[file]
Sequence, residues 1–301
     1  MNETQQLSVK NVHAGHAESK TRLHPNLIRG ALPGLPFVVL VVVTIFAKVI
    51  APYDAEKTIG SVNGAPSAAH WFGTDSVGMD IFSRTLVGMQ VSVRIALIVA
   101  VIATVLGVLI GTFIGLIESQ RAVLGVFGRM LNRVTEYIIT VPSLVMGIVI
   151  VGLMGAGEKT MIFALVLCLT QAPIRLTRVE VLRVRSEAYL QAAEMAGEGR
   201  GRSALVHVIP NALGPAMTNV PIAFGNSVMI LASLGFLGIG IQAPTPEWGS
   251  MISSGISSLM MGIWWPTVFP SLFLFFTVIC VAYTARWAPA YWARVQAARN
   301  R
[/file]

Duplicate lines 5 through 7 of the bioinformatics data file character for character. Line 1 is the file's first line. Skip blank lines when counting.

   151  VGLMGAGEKT MIFALVLCLT QAPIRLTRVE VLRVRSEAYL QAAEMAGEGR
   201  GRSALVHVIP NALGPAMTNV PIAFGNSVMI LASLGFLGIG IQAPTPEWGS
   251  MISSGISSLM MGIWWPTVFP SLFLFFTVIC VAYTARWAPA YWARVQAARN